The history of the Scottish Borders is deeply entwined with the turbulent era of the Borders Reivers; the name given to the ruthless raiders and bandits who pillaged the lands on either side of the Anglo-Scots border from the late 13th to the early 17th century.
Today’s residents commemorate the times when their forbearers patrolled the boundaries of their settlements on horseback, defending against these fearsome marauders at Return to the Ridings throughout the summer.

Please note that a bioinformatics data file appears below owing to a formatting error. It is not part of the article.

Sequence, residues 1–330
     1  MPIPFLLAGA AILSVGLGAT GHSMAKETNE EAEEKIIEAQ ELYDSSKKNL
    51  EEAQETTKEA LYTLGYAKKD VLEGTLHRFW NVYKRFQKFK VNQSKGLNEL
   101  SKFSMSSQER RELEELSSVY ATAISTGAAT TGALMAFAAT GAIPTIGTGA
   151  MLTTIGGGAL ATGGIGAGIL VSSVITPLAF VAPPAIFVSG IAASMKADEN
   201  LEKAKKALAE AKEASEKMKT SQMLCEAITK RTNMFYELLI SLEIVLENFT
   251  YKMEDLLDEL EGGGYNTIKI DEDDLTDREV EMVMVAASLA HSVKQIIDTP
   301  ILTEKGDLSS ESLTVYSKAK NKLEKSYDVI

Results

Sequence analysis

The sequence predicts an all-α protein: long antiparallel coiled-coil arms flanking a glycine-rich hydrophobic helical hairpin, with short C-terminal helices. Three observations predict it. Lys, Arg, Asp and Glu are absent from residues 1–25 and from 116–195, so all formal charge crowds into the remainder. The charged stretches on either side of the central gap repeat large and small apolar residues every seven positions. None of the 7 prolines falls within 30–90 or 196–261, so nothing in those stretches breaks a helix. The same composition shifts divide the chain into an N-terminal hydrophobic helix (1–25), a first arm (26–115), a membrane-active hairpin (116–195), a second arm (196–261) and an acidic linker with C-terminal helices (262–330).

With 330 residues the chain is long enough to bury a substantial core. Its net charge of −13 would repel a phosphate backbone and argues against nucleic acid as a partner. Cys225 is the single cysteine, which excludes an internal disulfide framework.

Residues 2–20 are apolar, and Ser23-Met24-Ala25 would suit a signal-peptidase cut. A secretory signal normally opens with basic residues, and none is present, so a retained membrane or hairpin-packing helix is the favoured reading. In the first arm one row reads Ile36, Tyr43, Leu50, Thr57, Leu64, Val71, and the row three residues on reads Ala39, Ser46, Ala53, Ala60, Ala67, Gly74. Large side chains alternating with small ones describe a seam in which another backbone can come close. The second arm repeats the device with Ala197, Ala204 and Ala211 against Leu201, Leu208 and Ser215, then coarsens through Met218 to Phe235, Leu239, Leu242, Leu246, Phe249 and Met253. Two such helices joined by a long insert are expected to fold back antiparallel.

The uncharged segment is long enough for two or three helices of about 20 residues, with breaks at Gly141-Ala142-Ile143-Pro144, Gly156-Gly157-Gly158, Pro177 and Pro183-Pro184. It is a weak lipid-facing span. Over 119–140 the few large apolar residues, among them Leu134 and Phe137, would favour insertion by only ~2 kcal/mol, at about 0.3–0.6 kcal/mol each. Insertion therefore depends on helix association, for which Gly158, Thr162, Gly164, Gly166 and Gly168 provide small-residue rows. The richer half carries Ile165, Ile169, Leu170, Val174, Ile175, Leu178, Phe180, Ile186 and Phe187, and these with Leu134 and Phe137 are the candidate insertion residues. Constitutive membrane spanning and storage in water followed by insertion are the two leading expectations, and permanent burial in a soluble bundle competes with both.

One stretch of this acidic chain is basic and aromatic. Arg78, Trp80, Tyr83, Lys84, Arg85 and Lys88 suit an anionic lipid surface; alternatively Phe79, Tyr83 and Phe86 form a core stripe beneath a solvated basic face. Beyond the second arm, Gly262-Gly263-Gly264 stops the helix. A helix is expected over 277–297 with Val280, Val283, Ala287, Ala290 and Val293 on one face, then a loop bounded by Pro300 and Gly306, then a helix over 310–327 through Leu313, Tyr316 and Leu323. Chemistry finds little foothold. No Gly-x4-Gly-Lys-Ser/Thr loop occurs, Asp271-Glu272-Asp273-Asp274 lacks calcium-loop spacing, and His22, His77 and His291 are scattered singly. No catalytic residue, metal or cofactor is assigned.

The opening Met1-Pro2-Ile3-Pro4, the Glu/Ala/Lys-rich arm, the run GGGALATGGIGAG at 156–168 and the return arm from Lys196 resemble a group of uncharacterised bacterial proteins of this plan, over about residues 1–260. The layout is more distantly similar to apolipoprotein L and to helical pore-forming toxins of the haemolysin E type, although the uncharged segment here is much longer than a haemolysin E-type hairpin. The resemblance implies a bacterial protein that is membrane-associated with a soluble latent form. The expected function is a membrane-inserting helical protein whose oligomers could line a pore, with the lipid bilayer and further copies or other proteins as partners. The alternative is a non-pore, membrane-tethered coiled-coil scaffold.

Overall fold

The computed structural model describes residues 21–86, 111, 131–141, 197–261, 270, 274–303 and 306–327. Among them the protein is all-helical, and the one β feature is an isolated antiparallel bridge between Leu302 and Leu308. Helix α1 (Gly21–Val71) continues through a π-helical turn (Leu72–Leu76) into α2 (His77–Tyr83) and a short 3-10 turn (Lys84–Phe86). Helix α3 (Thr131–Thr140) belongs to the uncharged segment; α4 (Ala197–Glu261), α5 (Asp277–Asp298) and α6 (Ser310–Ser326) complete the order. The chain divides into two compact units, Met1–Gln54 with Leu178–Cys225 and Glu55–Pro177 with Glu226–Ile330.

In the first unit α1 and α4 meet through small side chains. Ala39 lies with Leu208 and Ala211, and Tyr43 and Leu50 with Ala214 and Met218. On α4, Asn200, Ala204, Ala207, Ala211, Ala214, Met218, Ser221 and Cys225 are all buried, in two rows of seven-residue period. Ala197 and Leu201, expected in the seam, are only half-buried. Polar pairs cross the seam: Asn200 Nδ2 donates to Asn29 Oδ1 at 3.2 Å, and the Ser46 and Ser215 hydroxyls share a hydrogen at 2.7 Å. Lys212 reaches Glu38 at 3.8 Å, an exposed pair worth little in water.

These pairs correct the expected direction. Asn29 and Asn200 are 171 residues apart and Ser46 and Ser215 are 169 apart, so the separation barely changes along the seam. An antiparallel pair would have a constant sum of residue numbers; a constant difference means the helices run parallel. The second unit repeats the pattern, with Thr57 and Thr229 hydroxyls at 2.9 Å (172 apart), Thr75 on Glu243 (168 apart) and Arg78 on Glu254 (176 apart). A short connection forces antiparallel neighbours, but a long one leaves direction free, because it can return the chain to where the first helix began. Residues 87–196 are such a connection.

Today’s colourful events take places in 11 of the region’s towns, with Hawick, Selkirk, Langholm and Lauder laying claim to the oldest ridings. Each town has its own particular take on the tradition – some can last for up to two weeks – but they usually involve lots of rideouts, barbecues, traditional sports, games, music and traditional tipples.
Did you know?
Hawick is the oldest of the Common Ridings and celebrates the capture of an English flag from a would-be raiding party in 1514 by a youth of the town.